This is a short notice to you all asking for help to secure us a grant of $150,000 through the Mission Main St Grants program. We’re in the running as a small business to secure the money in order to make the site better, bring on new employees, invest in new types of content for you guys including more videos, create different types of tutorials, and even add more giveaways amongst many other things as a thank you for supporting us over the years as we move into the next stage of the site.
To vote: simply head over to the website and type in the Phoblographer. Please do so soon and hopefully we can work to build a better site and community.
Here are the details:
HOW TO ENTER:
1. FOLLOW us on Instagram (@sigmaphoto and @phoblographer)
2. REPOST the image above with #GearUpWithSigma to your Instagram account.
WHAT YOU SHOULD KNOW:
- Contest is open to folks of all ages who reside the United States
- Contest starts September 17th 10AM EST and ends October 1st 11:59PM EST.
- We will announce the winners on October 4th
Contest ends on October 1st so enter today and tell all of your friends about it! Winners will be announced October 4th.
Voigtländer has announced a new Nokton 10.5mm f0.95 lens for Micro Four Thirds cameras. In terms of full frame equivalency the lens offers a nice and wide 21mm equivalent focal length. What’s more–users will be able to get up close with their subject at 17-centimeters (about 6-inches) taking full advantage of all the bokeh that f0.95 lens creates; though we’re still sure that it won’t be very much.
ePhotoZine got a chance to play with the lens and it was thoroughly impressed with the lens’ sharpness and straight lines despite being a wide-angle prime. With the lens being made up of 13 elements in 10 groups, there are undoubtedly more than a few aspherical lenses to help reduce distortion.
The lens is reportedly due to be released sometime in 2015, however, Voigtländer has yet to announce a price. We can’t wait to get this lens in for a full review and until then check past the break for more specs on the Voigtländer Nokton 10.5mm f0.95.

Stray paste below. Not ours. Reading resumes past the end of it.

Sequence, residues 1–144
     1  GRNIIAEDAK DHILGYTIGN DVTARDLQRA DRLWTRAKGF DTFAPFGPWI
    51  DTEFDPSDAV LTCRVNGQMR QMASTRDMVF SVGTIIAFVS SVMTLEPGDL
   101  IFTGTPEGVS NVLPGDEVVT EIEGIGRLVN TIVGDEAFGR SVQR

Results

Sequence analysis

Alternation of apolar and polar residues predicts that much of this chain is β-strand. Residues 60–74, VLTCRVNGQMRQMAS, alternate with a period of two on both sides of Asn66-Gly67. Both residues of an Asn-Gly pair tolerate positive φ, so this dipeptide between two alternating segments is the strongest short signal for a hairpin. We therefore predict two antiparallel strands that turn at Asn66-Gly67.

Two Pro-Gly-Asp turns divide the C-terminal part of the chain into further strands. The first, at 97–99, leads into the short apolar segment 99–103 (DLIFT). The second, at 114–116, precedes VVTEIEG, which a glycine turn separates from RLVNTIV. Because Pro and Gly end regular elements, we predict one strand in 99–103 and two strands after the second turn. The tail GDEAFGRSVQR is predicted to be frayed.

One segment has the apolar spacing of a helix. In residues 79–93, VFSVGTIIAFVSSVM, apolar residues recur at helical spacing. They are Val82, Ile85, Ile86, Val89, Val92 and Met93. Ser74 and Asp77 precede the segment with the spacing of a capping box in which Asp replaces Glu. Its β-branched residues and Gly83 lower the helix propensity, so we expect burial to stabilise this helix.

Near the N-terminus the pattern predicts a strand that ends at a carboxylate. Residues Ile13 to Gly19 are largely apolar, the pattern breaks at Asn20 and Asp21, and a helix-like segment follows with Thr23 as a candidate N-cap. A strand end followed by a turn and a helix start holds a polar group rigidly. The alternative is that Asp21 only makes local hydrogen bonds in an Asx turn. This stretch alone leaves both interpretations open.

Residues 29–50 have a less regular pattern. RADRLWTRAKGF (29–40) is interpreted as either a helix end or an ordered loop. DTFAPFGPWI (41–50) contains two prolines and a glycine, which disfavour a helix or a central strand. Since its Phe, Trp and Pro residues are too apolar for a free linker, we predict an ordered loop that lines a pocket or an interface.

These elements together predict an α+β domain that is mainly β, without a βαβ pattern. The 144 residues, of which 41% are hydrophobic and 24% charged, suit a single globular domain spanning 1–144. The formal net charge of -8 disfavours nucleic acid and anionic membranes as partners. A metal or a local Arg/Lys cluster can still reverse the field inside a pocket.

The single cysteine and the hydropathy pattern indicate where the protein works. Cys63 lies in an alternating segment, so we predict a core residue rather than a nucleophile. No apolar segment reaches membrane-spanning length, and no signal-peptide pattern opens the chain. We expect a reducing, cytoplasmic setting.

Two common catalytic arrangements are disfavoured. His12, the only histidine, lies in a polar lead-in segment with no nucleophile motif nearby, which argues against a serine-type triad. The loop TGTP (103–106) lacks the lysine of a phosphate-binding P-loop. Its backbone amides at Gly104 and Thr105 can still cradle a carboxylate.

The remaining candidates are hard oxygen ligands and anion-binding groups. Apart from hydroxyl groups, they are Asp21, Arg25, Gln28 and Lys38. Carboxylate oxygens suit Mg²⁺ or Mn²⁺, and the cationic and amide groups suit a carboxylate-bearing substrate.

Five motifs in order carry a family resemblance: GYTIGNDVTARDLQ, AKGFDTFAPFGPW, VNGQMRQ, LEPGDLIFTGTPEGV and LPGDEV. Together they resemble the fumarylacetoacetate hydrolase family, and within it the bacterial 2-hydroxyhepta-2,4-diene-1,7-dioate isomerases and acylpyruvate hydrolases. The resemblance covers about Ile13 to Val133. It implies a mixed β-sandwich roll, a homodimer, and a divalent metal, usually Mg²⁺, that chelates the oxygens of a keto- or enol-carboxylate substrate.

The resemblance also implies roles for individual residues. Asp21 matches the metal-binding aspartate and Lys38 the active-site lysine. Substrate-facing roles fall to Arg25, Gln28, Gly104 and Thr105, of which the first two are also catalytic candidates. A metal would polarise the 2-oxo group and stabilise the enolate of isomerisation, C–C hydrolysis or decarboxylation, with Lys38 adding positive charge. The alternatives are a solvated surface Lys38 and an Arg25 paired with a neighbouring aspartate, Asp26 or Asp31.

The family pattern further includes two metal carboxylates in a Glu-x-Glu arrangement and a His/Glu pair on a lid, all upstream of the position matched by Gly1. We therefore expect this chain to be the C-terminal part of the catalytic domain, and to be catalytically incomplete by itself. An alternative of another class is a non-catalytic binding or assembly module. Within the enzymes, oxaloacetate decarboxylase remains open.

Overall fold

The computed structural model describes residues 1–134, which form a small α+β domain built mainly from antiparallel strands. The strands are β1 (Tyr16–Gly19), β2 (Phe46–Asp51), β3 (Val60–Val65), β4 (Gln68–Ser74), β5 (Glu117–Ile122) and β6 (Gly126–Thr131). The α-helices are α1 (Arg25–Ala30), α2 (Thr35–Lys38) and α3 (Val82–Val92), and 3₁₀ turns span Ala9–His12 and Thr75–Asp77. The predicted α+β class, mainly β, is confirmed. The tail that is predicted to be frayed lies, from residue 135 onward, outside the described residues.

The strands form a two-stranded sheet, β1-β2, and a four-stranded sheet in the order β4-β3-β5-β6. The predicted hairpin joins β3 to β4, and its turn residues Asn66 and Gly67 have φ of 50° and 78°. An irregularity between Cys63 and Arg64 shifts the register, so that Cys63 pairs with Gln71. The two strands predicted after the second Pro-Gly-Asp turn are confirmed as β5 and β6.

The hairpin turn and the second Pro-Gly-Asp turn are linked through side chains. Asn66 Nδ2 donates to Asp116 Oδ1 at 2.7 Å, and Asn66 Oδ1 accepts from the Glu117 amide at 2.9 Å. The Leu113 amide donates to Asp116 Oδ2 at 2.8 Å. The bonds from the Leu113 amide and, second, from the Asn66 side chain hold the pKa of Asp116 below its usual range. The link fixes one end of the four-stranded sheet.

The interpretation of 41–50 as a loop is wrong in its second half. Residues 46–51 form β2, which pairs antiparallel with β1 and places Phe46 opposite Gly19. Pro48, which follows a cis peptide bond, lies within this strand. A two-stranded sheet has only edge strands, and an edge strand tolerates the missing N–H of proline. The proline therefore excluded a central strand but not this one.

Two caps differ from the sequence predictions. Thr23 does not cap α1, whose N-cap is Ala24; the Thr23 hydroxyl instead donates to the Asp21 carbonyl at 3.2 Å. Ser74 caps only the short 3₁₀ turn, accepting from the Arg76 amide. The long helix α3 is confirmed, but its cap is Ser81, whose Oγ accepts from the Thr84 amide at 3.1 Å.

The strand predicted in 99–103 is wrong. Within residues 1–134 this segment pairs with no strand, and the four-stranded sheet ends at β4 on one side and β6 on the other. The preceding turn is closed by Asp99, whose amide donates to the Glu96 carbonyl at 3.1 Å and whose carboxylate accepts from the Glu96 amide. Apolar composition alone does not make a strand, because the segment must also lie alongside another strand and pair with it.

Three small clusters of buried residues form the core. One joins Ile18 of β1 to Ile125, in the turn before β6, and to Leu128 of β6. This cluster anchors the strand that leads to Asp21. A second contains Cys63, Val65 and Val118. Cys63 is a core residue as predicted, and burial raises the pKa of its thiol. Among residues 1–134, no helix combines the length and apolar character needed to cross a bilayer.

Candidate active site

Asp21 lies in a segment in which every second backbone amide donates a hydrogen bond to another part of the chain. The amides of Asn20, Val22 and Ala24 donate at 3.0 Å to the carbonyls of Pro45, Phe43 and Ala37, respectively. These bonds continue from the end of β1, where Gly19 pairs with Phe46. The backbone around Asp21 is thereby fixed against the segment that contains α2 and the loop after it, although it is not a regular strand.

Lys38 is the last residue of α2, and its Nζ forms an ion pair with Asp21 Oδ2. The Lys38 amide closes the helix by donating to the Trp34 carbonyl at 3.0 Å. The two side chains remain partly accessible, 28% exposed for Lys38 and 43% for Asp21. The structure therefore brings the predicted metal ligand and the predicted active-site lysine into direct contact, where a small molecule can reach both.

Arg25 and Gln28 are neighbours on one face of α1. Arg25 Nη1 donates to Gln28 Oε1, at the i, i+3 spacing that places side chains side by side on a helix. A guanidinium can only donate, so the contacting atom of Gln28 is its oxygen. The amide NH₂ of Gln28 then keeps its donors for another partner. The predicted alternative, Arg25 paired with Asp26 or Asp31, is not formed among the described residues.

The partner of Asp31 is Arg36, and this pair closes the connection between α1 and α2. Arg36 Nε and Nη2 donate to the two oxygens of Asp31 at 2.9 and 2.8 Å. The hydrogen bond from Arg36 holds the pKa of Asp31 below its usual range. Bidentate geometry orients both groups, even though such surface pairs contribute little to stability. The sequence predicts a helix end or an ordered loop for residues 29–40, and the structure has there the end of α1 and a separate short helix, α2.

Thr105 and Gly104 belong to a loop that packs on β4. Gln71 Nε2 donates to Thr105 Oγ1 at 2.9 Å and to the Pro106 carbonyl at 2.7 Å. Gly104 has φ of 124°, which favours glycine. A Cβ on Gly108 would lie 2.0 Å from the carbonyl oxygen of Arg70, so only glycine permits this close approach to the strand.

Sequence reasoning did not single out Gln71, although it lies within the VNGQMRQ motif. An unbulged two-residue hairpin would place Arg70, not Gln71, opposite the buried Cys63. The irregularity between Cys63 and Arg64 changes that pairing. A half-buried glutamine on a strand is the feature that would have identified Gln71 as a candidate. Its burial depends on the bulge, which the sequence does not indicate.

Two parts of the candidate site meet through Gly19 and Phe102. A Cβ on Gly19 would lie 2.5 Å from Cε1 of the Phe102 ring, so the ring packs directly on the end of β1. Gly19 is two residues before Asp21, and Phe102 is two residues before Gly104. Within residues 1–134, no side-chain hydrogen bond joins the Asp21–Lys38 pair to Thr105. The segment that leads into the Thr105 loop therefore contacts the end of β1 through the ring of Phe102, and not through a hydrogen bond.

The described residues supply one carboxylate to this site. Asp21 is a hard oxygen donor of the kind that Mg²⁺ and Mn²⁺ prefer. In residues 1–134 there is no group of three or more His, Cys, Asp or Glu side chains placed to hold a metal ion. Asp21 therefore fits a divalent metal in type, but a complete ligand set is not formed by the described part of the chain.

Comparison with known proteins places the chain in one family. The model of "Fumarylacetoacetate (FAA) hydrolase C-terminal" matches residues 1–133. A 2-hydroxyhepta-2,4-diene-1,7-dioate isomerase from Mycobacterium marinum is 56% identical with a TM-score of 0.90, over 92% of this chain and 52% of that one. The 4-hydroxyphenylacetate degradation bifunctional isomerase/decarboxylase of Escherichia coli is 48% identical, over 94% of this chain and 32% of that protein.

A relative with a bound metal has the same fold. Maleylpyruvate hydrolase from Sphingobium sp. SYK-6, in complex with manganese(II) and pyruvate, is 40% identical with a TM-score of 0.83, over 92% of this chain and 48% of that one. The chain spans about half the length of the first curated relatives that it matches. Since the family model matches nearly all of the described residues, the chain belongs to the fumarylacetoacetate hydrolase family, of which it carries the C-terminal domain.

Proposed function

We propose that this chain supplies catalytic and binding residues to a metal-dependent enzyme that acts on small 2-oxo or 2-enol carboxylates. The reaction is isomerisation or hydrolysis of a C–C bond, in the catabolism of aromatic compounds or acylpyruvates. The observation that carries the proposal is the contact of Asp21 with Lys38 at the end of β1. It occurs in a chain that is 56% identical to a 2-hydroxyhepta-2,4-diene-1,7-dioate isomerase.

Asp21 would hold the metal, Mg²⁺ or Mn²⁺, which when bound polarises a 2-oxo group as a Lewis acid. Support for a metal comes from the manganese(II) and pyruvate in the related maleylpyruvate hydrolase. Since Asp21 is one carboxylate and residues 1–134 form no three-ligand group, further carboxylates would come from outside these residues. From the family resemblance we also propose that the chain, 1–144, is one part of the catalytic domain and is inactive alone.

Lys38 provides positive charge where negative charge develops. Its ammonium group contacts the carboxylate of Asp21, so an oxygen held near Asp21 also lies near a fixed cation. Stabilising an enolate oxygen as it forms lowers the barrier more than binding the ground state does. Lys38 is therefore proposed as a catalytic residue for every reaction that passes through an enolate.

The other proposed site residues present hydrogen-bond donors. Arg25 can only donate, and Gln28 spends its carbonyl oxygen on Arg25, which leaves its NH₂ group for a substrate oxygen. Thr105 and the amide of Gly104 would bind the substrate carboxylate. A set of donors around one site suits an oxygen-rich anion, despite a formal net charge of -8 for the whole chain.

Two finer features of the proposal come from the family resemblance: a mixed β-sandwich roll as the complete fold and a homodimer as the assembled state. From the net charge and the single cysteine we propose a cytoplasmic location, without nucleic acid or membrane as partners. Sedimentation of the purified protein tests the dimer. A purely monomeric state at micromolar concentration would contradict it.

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Years ago when the idea of mirrorless cameras and systems was pitched, the premise behind it all was that overall it would create a lighter and smaller kit. And for the most part, manufacturers have stuck to that statement. But at certain times, they really don’t seem to be sticking to it. This concern comes up now more than ever considering that Sony has a full frame mirrorless camera system.
Photographer Tom Northencold wrote a piece recently about why he’s sticking to Micro Four Thirds. The answer: the weight differences vs his Nikon system.
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Matt Kloskowsi recently featured an impressive new Lightroom Plugin called Show Focus Point. The plugin works with the Adobe software to display to the photographer exactly where they tried to focus the image when they shot it. This works very well if a photographer goes through a session of shooting multiple images. Based on where the focusing point is, the photographer can then later tell which of the image(s) in the series is best in focus. It could be very useful to sports photographers, street photographers, wedding photographers or the average ordinary clutz that needs to take millions of photos in order to get that one right shot.
The software plugin essentially just opens a window pane that gives you information on where you focused and can even show the focusing points of Nikon and Canon cameras according to their website.. It’s completely free and works on both Mac and Windows computers. From what it looks like, the team tries to update the plugin when new cameras come out.
Give it a try.
When it comes to focusing in street photography, zone focusing is arguably the best way to ensure that you get your subject sharply in focus the first time and every time. The reason for this is because generally autofocusing algorithms won’t be able to keep up with you making a split second decision, lifting the camera to your eye, analyzing the scene to figure out what to focus on and then releasing the shutter. In the entire moment that it took you to read that sentence the moment is simply gone.
YouTube user Tim Heubeck recently did a video on how to zone focus a street scene by using his Fujifilm X Pro 1 and the 23mm f1.4. It more or less requires that you use the distance scale, depth of field scale, and aperture scale altogether in order to nail the photos sharply in focus. This is much better demonstrated in a video–which is after the jump.
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